The study also said:

"There were no differences in intellectual outcome, subsequent seizure type, or mutation type between the two groups (all p values >0·3). Furthermore, in a post-hoc analysis, intellectual outcome did not differ between patients who received vaccinations after seizure onset and those who did not."

But this is not what there study shows:
Only if you don't understand p values or the concept of statistical significance.
 

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@teacozy:

Have you read about Dravet syndrome, or any stories about the children who are dealing with it on a daily basis? If so, do you stand by the recommendations to not withhold vaccination from these children? Do you agree with adding an additional trigger, like vaccines that cause fever, to children who are already struggling with seizures at the slightest temp change, or even when they are excited due to increase in temperature, another seizure which could kill them? Add to it the stress of getting a "shot" and the risk gets even worse.
What do you think the affect of a child with Dravet Syndrome getting pertussis, measles, mumps, chicken pox, meningitis, rotavirus, etc would be?

I think there are some vaccines that wouldn't be worth it (like Polio for example) but for others I think the risk of leaving them vulnerable to disease is greater than the risks of vaccines.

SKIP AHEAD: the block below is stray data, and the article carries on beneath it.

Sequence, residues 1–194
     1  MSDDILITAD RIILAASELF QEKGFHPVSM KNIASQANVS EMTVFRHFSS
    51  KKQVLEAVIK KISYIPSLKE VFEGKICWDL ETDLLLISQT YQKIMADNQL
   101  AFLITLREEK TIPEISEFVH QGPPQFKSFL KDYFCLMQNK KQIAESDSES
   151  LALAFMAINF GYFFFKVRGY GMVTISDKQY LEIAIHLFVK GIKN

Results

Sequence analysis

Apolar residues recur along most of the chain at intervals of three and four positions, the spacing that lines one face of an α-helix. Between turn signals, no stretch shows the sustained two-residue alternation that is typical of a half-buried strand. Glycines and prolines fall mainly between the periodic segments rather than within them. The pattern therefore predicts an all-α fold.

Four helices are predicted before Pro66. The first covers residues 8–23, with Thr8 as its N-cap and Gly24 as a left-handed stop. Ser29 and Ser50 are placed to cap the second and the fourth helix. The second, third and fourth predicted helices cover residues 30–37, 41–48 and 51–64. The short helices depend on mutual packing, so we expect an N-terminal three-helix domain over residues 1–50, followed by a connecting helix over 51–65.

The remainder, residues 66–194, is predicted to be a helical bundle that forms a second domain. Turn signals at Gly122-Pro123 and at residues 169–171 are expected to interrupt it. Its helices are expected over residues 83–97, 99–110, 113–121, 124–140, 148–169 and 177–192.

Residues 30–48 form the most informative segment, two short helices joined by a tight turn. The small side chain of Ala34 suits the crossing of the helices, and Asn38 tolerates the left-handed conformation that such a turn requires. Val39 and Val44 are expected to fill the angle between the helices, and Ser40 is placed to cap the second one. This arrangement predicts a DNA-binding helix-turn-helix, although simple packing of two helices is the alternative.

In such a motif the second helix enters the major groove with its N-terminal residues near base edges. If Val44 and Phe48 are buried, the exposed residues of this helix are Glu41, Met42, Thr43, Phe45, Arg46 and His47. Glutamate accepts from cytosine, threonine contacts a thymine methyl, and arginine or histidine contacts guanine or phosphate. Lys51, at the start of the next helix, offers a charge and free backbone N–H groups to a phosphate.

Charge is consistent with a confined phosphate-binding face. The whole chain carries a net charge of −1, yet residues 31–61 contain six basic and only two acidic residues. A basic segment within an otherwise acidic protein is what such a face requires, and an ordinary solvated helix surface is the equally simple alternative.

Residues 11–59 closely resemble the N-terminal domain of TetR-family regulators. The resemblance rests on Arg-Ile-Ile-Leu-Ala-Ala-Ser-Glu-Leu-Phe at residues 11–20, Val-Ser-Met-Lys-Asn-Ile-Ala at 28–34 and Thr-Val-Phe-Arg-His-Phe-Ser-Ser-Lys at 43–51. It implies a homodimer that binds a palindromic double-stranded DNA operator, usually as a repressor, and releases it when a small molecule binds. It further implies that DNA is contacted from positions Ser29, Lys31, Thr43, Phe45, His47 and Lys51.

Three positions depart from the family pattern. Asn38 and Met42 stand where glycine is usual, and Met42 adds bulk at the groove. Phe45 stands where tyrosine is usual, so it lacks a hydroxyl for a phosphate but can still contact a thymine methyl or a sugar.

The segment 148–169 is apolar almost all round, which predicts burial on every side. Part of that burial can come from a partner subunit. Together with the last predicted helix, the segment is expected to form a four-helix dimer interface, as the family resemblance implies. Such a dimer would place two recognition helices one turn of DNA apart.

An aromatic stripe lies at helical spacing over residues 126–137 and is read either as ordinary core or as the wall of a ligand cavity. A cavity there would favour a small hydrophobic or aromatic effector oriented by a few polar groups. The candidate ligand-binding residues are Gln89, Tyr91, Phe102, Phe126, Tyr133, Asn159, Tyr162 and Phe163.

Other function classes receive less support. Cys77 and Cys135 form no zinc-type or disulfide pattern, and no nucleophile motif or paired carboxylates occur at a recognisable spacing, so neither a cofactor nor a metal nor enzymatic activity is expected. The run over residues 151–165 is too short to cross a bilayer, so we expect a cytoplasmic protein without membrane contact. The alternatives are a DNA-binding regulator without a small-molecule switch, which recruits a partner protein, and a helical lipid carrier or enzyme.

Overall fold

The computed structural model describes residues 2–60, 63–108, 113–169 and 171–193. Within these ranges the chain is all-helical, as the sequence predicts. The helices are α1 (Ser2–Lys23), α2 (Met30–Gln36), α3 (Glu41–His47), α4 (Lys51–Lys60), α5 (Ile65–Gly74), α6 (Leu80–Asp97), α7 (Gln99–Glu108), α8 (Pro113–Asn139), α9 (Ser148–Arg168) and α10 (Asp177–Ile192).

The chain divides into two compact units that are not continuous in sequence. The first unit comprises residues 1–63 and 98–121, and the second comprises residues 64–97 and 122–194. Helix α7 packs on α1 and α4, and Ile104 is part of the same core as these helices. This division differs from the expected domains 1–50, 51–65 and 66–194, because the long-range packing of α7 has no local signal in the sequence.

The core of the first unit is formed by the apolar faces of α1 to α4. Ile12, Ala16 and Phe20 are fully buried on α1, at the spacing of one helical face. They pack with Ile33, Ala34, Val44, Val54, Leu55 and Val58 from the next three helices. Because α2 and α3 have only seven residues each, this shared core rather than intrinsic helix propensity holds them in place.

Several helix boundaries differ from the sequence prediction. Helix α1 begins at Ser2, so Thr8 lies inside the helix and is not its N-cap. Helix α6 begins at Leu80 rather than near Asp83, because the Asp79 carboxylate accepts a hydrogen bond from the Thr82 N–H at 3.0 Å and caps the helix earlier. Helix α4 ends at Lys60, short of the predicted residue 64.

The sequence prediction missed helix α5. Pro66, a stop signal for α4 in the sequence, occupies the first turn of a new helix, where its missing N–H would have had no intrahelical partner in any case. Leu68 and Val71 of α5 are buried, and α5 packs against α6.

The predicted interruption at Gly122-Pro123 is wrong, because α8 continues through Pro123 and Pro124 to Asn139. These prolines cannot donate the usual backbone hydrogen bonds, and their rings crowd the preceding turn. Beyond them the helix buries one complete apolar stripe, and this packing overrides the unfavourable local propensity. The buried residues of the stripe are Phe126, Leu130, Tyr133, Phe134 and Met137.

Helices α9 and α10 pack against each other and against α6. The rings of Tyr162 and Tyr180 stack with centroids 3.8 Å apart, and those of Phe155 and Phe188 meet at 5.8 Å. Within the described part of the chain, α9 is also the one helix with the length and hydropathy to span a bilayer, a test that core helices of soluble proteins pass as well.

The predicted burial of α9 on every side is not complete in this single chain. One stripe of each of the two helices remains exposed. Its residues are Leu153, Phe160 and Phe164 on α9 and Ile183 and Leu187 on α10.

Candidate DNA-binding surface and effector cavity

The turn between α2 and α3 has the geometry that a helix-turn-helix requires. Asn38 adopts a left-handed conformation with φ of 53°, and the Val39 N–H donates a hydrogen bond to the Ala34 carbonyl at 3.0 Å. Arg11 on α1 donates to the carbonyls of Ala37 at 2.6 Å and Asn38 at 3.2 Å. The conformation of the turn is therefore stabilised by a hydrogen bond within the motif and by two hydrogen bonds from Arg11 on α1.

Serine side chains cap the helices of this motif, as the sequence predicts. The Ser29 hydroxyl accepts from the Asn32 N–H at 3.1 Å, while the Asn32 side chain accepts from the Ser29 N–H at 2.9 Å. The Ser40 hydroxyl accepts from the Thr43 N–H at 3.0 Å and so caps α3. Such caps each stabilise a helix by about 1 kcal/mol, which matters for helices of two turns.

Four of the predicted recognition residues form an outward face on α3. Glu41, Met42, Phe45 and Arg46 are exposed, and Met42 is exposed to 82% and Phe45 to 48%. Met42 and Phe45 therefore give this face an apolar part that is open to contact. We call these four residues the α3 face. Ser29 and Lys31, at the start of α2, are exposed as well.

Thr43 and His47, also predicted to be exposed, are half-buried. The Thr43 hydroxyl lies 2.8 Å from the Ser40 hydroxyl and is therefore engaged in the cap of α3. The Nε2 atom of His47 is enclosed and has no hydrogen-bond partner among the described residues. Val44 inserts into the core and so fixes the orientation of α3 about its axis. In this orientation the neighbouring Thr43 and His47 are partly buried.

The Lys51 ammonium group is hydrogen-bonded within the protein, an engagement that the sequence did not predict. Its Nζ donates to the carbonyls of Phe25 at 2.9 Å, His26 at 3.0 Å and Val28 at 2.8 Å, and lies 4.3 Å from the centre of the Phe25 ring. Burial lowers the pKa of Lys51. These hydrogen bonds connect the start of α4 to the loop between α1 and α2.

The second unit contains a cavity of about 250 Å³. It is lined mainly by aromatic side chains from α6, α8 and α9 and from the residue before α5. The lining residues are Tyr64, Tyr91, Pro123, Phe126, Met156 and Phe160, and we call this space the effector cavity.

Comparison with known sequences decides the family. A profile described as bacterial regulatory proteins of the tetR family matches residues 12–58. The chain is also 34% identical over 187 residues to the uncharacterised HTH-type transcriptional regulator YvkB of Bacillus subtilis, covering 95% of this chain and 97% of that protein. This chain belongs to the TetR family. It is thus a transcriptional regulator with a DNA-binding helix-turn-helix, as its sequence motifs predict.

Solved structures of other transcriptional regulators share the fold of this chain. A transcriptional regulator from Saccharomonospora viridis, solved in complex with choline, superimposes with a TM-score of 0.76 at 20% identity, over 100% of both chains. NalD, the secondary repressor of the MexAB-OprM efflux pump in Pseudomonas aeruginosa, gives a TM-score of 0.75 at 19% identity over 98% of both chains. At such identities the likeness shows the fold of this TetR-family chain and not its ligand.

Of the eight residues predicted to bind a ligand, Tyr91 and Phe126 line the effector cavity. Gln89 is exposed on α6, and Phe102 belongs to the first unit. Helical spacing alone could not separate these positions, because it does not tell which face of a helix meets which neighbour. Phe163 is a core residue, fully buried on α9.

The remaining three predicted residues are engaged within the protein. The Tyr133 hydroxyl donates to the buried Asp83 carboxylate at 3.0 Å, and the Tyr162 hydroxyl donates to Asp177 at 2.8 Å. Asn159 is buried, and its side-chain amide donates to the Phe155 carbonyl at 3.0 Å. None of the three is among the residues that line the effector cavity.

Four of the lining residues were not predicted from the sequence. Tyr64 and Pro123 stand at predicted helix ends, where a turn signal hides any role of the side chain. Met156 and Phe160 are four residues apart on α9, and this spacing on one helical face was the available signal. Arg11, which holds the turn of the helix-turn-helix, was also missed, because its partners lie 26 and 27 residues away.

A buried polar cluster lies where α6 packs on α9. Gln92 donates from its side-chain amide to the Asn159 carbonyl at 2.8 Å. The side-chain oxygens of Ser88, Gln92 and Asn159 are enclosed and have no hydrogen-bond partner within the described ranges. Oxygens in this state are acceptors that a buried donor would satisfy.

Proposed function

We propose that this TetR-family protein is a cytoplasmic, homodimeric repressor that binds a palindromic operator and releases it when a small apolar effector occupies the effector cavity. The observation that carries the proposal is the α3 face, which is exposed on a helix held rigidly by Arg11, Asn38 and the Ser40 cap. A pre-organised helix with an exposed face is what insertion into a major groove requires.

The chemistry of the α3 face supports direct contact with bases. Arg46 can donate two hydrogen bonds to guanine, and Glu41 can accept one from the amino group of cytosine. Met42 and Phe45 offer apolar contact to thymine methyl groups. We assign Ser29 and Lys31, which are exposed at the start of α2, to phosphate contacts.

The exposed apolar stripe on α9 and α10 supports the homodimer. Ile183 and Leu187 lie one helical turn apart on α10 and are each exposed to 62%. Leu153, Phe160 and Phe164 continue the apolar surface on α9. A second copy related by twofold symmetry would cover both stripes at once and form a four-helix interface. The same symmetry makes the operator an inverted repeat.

In the medscape link they note that nearly 70% of the children with Dravet had been hospitalized for non vaccine preventable infections (VPDs weren't reported in the medical files).
 

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Only if you don't understand p values or the concept of statistical significance.
Actually, I do.

In this case the numbers are so small that they cannot be sure the results were not random. More studies are needed. Did they call for more studies to look into level of cognitive disability in relation to Dravat's onset ? No. Did they make sweeping statement they probably shouldn't have? Yes.

read this if you are interested:
http://allenfleishmanbiostatistics.com/Articles/2012/01/13-p-values-in-small-samples/

"More often than not, having small sample size would preclude achieving significance (see my blogs on ‘1. Statistics Dirty Little Secret’ and ‘8. What is a Power Analysis?’). When N is small, only very large effects could be statistically significant."

Handy, isn't it?